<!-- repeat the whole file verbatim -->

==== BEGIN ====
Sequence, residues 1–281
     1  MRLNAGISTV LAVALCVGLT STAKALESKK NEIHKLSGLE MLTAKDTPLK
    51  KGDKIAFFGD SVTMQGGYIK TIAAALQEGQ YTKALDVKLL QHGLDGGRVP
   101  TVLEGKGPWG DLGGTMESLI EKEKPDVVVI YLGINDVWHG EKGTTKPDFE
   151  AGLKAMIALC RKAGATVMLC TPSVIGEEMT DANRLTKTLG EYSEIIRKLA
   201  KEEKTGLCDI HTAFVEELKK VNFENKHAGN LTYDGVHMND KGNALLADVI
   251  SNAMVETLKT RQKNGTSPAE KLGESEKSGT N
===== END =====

Sequence, residues 1–281
     1  MRLNAGISTV LAVALCVGLT STAKALESKK NEIHKLSGLE MLTAKDTPLK
    51  KGDKIAFFGD SVTMQGGYIK TIAAALQEGQ YTKALDVKLL QHGLDGGRVP
   101  TVLEGKGPWG DLGGTMESLI EKEKPDVVVI YLGINDVWHG EKGTTKPDFE
   151  AGLKAMIALC RKAGATVMLC TPSVIGEEMT DANRLTKTLG EYSEIIRKLA
   201  KEEKTGLCDI HTAFVEELKK VNFENKHAGN LTYDGVHMND KGNALLADVI
   251  SNAMVETLKT RQKNGTSPAE KLGESEKSGT N